|dc.description.abstracteng||Hyperpolarization methods have become a powerful assistance technique to NMR spectroscopy in order to improve its sensitivity and consequently reduce the required measurement time to achieve a satisfactory signal-to-noise ratio. In the SABRE (Signal Amplification by Reversible Exchange) polarization technique, an advancement of parahydrogen-induced polarization (PHIP), hyperpolarization is transferred from parahydrogen molecules to heterocyclic small molecules via a metal template without inducing a chemical change to the substrate. Therein, the efficiency of this polarization transfer depends on several factors, such as substrate exchange rate and, most importantly, the magnitude of the magnetic field, at which the hyperpolarization experiment is performed.
In the course of this work, the SABRE technique was applied to a variety of N-heterocyclic compounds in order to assess the effect of changes in the substitution pattern and the basicity of the substrate molecule to the attainable proton enhancement. The hyperpolarization experiments were further performed using three different polarization transfer catalysts to validate if the effects caused by these changes are uniform for diverse catalyst systems.
It was experimentally determined that the magnetic fields, at which the polarization transfer is most efficient is primarily determined by the employed polarization transfer catalyst and is comparable for a wide variety of substrates. Differences in the substitution pattern of the N-heterocyclic substrates cause a change in the relative enhancement levels of individual substrate protons. This is due to the mechanism of polarization transfer, in which the substrate protons adjacent to the coordination site experience direct transfer of magnetization from the parahydrogen nuclei, while the remaining substrate protons obtain magnetization by an intramolecular redistribution process depending on the scalar couplings within the molecule. A change in the substitution pattern changes this system of coupling, which therefore affects the dynamics of the redistribution process. Furthermore, the effect of a substituent-induced change in basicity on the attainable enhancement was examined. While a strong influence of the employed substituent was observable, the effect was not uniform for the examined catalyst systems and a clear dependence of the enhancement on the basicity of the substrate molecule could not be derived.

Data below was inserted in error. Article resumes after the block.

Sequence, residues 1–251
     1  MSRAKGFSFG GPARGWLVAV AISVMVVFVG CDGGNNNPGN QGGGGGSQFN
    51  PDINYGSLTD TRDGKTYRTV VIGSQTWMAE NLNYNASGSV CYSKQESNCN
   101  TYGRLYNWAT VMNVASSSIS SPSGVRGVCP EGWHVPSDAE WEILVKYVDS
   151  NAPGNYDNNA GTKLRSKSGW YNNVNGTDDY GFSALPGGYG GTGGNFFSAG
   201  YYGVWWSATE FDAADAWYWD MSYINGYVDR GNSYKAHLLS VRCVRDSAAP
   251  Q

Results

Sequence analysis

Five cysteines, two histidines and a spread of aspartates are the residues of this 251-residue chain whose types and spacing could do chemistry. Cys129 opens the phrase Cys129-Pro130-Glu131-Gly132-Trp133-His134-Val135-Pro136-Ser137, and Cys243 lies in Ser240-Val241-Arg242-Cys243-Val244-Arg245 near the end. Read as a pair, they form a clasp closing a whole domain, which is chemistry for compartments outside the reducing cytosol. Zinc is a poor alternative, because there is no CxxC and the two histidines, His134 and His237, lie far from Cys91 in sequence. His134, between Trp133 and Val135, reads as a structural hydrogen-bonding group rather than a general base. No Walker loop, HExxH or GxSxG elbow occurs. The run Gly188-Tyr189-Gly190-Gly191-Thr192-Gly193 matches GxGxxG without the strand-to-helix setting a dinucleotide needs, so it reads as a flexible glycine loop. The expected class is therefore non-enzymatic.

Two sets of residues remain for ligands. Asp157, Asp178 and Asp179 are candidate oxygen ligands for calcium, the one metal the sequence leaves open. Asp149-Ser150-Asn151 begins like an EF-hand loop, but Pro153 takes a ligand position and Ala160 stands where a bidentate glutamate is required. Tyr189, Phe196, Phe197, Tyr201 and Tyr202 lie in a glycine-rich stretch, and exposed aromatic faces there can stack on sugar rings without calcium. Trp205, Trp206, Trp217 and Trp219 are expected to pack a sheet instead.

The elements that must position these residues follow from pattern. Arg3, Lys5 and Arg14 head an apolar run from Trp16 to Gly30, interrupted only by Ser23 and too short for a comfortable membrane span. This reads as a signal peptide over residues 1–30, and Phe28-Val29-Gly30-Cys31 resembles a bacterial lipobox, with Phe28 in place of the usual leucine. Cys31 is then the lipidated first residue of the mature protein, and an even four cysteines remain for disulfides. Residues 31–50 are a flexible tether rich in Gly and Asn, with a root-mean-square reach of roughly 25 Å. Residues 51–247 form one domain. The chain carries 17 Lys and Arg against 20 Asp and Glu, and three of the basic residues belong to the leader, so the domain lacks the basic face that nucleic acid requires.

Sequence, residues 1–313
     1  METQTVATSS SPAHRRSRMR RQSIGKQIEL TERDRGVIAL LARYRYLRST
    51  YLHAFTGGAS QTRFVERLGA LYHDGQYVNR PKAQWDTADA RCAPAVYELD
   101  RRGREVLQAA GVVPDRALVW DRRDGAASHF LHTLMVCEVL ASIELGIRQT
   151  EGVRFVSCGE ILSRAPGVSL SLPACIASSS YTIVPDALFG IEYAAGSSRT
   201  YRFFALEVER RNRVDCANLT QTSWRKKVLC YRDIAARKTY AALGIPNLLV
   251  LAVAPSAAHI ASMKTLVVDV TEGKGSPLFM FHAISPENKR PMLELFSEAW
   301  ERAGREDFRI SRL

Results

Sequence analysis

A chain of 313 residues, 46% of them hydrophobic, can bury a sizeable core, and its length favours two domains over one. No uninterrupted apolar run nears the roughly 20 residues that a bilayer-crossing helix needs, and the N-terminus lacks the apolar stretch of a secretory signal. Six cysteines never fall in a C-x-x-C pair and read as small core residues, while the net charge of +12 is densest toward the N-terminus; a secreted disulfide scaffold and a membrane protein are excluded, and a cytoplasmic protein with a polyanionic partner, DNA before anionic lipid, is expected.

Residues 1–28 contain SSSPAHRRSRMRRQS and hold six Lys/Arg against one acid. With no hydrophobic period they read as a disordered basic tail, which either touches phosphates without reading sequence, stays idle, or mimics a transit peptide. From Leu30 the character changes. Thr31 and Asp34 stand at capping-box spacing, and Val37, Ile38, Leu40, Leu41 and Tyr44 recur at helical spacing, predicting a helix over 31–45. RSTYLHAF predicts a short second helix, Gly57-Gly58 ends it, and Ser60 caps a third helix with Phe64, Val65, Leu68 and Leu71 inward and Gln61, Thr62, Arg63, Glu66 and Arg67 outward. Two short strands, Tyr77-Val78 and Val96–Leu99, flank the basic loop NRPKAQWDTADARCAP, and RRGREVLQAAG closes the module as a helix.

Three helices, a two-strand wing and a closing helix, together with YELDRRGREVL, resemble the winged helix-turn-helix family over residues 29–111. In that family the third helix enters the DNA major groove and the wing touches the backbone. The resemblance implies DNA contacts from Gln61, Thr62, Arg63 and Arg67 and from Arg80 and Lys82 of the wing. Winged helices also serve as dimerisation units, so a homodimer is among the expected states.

Lastly, the synthesis of a solid-phase bound N-heterocyclic carbene ligand to be employed in a SABRE catalyst system for heterogeneous transfer of polarization was approached. Due to synthetical difficulties, the target molecule had to be repeatedly reassessed. In the final stage of this work, however, preliminary hyperpolarization experiments with polymer-bound iridium complexes were successfully conducted.||de